a) Ductal Carcinoma In Situ (DCIS)

Ductal carcinoma in situ or DCIS is a common diagnosis in the screened population. It is thought to be a precursor lesion to invasive breast carcinomas (with the exception of lobular carcinoma of the breast).


Prior to the introduction of mammographic screening for breast cancer, isolated DCIS was an uncommon finding, with most cases being clinically undetectable. DCIS was frequently seen in combination with invasive carcinoma during this era.
DCIS, if present, is usually visible on mammogram and the establishment of widespread screening programs in the latter half of the 20th century increased the incidence of the disease 5- or 6-fold. It now makes up about 20-30% of breast carcinomas, and about half of patients who have a mammographic abnormality will be diagnosed with DCIS.

Risk Factors

The factors that increase the risk of DCIS are thought to be similar to invasive disease:

  • Gender - DCIS is far more common in women than men
  • Age - DCIS is very uncommon in young women
  • Menstruation - Early age (< 11y) of menarche and late menopause are both risk factors
  • Pregnancy - Pregnancy before the age of 20 is protective, with women in this group having half the risk of women > 35 years at first pregnancy. Nulliparous women have the highest risk.
  • Ethnicity - Breast cancer is more common in white women, but tends to present earlier and be more aggressive in African-American and Hispanic women.

Other risk factors are also important, including previous radiotherapy, oestrogen replacement, previous breast or endometrial cancers, lack of breastfeeding, diet, obesity and fitness. Smoking has not been strongly associated with breast cancer risks.


DCIS is thought to arise from similar processes to ductal carcinomas of the breast, and many invasive carcinomas are thought to arise from DCIS, suggesting it is one step in the path of carcinogenesis. The cell of origin is thought to lie in the terminal ductal-lobular unit (TDLU).

Natural History

Without mammographic screening, most cases of DCIS are not detected clinically. DCIS is often found in association with an invasive tumour when screening is not performed.
In the era of mammography screening, DCIS is usually picked up before an invasive component is detected.

Clinical Presentation

Over 90% of DCIS (without invasion) is detected on screening mammography. Most cases are not palpable. Rarely, patients present with nipple discharge and very rarely a mass.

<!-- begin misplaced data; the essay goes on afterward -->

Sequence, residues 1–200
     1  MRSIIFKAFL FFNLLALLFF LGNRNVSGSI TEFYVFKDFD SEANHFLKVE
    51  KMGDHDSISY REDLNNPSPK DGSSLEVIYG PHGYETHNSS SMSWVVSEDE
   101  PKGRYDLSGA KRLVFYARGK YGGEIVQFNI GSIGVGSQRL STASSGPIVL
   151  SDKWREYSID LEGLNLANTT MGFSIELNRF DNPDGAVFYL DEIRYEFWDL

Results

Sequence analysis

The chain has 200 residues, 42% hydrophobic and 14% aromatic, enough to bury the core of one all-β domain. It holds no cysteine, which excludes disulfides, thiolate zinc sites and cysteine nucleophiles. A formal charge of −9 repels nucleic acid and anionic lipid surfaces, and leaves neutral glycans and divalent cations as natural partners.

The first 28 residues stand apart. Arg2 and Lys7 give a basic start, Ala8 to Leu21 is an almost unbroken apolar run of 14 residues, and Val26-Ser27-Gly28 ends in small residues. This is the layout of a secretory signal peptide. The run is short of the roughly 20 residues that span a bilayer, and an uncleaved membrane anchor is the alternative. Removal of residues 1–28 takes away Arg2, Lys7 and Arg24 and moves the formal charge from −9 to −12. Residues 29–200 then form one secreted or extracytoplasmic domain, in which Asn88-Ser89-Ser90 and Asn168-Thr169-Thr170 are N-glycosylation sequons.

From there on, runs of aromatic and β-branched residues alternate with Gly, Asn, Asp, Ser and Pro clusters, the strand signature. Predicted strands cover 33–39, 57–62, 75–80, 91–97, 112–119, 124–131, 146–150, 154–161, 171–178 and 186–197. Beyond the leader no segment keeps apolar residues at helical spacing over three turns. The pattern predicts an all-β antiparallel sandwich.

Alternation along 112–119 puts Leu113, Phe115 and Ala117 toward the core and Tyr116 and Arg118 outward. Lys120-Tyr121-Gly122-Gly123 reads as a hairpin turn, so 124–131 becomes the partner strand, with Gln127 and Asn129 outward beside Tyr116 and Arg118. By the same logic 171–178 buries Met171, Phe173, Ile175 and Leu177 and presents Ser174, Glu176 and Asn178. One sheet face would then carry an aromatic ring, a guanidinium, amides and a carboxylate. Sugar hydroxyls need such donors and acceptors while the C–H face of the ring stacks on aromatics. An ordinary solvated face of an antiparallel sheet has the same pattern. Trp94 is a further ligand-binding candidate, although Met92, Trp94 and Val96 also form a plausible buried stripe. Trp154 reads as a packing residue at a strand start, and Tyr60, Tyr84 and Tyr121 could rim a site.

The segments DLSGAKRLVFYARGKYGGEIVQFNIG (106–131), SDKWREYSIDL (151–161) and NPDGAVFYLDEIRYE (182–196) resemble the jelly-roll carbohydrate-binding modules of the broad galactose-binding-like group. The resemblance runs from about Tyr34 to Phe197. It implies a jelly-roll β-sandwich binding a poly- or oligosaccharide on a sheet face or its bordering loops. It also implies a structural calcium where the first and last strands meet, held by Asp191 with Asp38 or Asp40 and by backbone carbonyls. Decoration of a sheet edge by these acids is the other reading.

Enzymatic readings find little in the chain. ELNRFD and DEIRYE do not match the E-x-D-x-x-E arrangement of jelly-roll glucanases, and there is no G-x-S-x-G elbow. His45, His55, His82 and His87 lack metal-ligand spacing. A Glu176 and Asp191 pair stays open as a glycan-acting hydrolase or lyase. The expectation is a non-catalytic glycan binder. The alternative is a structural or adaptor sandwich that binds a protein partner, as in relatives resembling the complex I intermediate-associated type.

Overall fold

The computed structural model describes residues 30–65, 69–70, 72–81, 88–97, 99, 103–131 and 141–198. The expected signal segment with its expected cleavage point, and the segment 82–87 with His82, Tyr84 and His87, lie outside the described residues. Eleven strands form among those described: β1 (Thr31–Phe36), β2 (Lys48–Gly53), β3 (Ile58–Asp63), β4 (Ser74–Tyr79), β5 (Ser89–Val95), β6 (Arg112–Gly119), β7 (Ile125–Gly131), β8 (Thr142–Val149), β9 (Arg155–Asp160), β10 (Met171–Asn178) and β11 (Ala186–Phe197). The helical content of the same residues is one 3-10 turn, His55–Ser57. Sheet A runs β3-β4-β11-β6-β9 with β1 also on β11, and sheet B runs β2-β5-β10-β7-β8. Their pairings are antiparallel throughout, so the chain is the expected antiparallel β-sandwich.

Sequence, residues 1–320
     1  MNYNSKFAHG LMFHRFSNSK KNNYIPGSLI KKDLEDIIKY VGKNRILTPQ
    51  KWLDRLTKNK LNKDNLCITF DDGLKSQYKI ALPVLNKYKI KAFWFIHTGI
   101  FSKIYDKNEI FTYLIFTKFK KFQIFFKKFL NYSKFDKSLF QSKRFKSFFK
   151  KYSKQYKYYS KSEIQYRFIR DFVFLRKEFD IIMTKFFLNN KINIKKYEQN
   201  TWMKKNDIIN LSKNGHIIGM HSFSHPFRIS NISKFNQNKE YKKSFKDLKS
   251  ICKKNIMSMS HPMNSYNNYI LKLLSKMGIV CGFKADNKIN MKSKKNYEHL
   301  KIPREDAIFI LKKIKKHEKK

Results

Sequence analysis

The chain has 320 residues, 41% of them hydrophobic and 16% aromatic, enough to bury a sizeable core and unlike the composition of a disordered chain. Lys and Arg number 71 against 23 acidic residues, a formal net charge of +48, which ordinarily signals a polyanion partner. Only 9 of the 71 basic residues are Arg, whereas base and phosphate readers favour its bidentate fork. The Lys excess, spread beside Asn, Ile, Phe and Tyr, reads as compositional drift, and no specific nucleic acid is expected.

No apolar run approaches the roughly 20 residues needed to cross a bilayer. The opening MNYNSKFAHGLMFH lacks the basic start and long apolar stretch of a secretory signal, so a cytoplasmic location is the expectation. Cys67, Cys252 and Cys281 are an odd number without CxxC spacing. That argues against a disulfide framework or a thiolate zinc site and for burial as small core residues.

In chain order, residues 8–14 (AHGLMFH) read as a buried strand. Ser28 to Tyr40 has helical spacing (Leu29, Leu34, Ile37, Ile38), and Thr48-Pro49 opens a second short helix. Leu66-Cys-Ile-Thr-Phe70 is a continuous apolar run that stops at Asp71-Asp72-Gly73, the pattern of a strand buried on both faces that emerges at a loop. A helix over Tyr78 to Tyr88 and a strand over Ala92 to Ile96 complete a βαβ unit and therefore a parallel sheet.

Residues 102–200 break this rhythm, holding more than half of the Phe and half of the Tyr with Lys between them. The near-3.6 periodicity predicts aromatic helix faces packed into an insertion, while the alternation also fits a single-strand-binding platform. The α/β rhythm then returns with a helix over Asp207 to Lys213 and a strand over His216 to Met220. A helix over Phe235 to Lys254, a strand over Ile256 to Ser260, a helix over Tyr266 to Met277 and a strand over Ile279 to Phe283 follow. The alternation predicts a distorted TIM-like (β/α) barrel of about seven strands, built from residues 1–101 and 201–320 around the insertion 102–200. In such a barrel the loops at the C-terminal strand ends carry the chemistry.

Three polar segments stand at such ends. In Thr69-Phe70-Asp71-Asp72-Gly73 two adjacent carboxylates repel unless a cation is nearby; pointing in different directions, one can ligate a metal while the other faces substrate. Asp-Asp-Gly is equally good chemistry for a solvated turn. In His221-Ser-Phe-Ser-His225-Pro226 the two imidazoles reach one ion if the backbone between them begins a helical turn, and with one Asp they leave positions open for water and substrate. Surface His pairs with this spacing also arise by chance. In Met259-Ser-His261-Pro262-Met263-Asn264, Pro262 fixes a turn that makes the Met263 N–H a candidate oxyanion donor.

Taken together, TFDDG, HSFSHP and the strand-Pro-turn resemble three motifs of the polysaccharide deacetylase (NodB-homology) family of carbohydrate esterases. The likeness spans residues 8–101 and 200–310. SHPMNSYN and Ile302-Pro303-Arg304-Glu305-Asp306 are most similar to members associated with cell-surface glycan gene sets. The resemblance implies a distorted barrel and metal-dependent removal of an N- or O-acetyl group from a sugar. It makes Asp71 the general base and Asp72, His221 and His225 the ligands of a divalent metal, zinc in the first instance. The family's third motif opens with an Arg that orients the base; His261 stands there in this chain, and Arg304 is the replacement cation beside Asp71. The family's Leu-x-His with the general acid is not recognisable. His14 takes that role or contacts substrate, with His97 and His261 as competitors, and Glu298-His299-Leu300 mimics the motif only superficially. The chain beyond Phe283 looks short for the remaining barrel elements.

On imaging, most cases of DCIS are visible as microcalcifications, which may be branching (high grade) or granular (low grade). Other imaging findings include an asymmetrical mass.
On autopsy specimens, about 6-8% of breasts will have DCIS. About 33% of cases will progress to invasive disease after 10 years, although this data is based on limited observations.

Tumour/Normal Tissue Features


DCIS may be invisible macroscopically, particularly if it is only low grade disease. High grade lesions distant and distort the ducts; necrosis may be visible macroscopically as comedo-like (acne).


There are five common architectural subtypes of DCIS:

  • Comedo: High grade disease, demonstrating ducts filled with malignant appearing cells and central necrosis
  • Solid: Medium-high grade, with ducts full of solid tumour
  • Cribriform: Medium grade, with a cribriform pattern of tumour growth and microlumens
  • Papillary: Projections of cytologically abnormal cells into the lumen of the duct, with fibrovascular cores
  • Micropapillary: As for papillary but without fibrovascular cores

Despite the association of these patterns with particular grades of disease, the grade of DCIS is also based on nuclear features and the presence of necrosis. High grade features include pleomorphic cytology, high NC ratio, coarse chromatin, and presence of multiple nucleoli. Low grade DCIS nuclei are typically smaller and more uniform, have a single nucleolus and smooth chromatin. Intermediate grade nuclei are pleomorphic, but not to the same extent as high grade. They often are of similar size to each other (rather than the large differences in size seen in high grade DCIS). Other features, such as chromatin consistency, may vary considerably.


Low grade lesions are usually positive for hormonal receptors and negative for ERBB2 and TP53. Higher grade lesions are usually opposite to this; intermediate grade lesions have less reliable findings.


Genetic abnormalities are still being investigated in DCIS. Chromosomal abnormalities are more common in high grade DCIS; the types of chromosomal abnormalities also vary between the different grades.


Most tumours are not visible or palpable macroscopically; the exception is high grade comedo-DCIS which may be visible as an area with dilated ducts with central comedo-like (acne) necrosis.
There are a variety of histological appearances. Comedonecrosis is always high grade; the other types vary depending on cytological and nuclear features

Staging / Classification

All DCIS tumours are stage Tis. Grade is based on cytological features and the presence of necrosis.

Risk Factors for Recurrence

When reading the pathology report, the following needs to be taken into account:

  • Margin status (< 2 mm associated with significantly higher risk of recurrence than > 2 mm)
  • Grade (high grade more likely to recur)

The patient's age is also an important factors, as many recurrences do not occur for 10 years or more.